The relevance of cyber insurance in an interconnected world

The relevance of cyber insurance in an interconnected world | Insurance Business

The relevance of cyber insurance in an interconnected world
The following is an opinion article written by Phil Kernick, chief technology officer at CQR.

As the number of cyber attacks on organisations around the world continues to increase, many are opting to invest in specialised insurance policies as a means of protection.

The policies vary significantly in scope and cost, but all offer a level of protection should an attack occur. Policyholders hope this will be sufficient to cover the cost of remediation for affected systems as well as lost production or sales.   

Cyber insurance is a relatively new field and it’s worth closely examining the policies on offer before making any investment in cover. Just as car, travel and life insurance policies have carefully worded caveats, so to do those in the area of cyber insurance.

It’s all about the risk
Insurance companies go to great lengths to ensure they don’t lose money. They take time to fully understand the extent of the risks they are covering and then price their policies accordingly.

Health insurance is a case in point. Insurance companies use everything from sex, age, location, and occupation to accurately gauge a person’s likelihood of having a heart attack. Premiums are then set at an appropriate level. Someone with a family history of coronary disease who is overweight is likely to pay more than someone without those characteristics.

When it comes to cyber insurance, however, making such calculations is more difficult. Because modern computing has only existed for about 25 years, there is only limited history on which to base predictions. Knowing how often a car is likely to breakdown or a cyclone to hit a town is one thing, but calculating the likelihood of a business experiencing a ransomware attack is very different.

The challenge is exacerbated by the fact that the number of attacks occurring is rising exponentially. Basing future projections of risk on historical data is a tricky thing to do.

It’s also impossible for insurance companies to predict how much damage or disruption might be inflicted and, therefore, how much it will cost for an organisation to recover from an attack. This makes the task of pricing an insurance policy very difficult.

Limiting the cover
As a result of these factors, companies offering cyber insurance are taking great care with the wording of their policies. Most will require an organisation to complete a detailed questionnaire about the security tools and processes they have in place. If they don’t measure up in the eyes of the insurer, cover will be declined.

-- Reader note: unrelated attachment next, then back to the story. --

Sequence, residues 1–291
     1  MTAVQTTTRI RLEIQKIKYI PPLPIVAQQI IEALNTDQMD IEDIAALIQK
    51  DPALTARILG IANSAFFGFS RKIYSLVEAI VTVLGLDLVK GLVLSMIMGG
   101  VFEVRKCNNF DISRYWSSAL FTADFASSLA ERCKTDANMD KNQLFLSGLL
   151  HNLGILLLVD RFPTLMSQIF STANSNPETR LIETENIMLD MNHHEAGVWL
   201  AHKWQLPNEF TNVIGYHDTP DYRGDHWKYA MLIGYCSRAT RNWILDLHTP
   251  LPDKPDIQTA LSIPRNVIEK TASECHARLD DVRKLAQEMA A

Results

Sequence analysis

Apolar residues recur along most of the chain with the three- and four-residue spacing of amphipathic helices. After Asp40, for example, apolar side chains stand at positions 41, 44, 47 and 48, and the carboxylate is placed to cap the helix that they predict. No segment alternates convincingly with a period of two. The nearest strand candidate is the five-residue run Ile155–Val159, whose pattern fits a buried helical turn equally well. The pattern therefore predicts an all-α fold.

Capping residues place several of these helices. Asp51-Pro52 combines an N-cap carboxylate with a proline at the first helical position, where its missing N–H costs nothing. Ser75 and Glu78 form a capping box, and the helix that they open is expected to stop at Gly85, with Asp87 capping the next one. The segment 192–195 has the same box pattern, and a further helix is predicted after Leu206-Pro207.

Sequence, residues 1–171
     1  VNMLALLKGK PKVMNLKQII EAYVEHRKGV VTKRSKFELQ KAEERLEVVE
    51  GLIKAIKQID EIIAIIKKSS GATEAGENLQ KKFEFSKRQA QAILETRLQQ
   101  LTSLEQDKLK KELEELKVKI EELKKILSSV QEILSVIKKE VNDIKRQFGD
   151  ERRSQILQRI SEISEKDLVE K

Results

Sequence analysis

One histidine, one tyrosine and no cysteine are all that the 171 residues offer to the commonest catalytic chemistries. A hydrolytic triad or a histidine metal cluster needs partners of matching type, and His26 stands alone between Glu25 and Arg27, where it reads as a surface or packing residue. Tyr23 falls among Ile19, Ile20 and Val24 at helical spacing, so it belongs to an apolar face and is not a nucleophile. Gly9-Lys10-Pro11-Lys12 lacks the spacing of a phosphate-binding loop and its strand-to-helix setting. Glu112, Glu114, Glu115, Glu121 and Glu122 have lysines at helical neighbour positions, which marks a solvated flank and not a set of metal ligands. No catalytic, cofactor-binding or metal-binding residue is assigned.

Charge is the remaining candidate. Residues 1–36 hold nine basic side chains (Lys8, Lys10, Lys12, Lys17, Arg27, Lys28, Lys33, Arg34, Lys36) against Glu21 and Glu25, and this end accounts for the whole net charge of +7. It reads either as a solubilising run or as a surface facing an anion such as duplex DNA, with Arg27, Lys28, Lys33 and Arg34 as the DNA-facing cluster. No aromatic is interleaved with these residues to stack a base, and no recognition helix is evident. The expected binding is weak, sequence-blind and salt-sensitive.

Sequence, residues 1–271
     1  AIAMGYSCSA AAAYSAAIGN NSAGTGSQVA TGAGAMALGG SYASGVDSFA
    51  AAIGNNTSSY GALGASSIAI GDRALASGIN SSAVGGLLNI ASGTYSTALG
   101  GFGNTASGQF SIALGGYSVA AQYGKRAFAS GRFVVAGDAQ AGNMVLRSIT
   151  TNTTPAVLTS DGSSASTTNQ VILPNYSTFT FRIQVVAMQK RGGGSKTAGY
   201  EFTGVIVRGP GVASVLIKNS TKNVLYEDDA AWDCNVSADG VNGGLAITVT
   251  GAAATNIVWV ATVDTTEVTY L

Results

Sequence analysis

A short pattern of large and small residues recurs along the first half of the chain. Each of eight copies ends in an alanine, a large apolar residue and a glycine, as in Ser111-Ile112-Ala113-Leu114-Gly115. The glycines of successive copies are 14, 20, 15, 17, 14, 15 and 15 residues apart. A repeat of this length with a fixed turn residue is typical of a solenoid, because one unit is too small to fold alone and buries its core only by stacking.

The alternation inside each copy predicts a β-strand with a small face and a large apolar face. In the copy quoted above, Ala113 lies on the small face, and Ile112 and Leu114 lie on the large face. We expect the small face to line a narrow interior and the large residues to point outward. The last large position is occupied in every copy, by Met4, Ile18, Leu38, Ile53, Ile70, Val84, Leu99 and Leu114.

Policies are also likely to contain a lot of exclusions. If core IT systems have not been patched, or security tools effectively installed, cover could be denied. Some may also reject payouts if it transpires that the attack was the result of staff not following documented security procedures.

Insurance companies are also likely to limit the payouts they make to relatively modest levels. In the case of a severe attack, the amount may not be sufficient to cover the full cost of recovery. This might come as a shock to management who have been reassuring themselves that they won’t lose out if and when a cyber attack occurs.

The role of cyber insurance cover
Interestingly, some organisations are starting to consider cyber insurance as an alternative to implementing effective security measures. They think that, if they simply put a policy in place, all can be fixed at no cost to them if an attack takes place. Unfortunately, this is absolutely the wrong way to look at it.

Indeed, organisations are likely to find it very difficult to get any cover at all unless their existing cyber security is deemed to be sufficient by the insurer. They will be required to have appropriate tools in place that are constantly managed and regularly updated. They will also need to show evidence of staff education and the implementation of policies that reduce the chance of attacks occurring in the first place.

The bottom line is that cyber insurance only works as a top-up to existing effective security measures. It is not a replacement for it in any way and should not be regarded as an easy alternative.

Cyber insurance is an area of the insurance industry that is quickly evolving. Before any policies are purchased, an organisation should carefully check that it will actually provide the level of cover that is anticipated. Thinking about this after an attack will be too late.

The preceding was an opinion article written by Phil Kernick, chief technology officer at CQR. The views expressed within the article are not necessarily reflective of those of Insurance Business.

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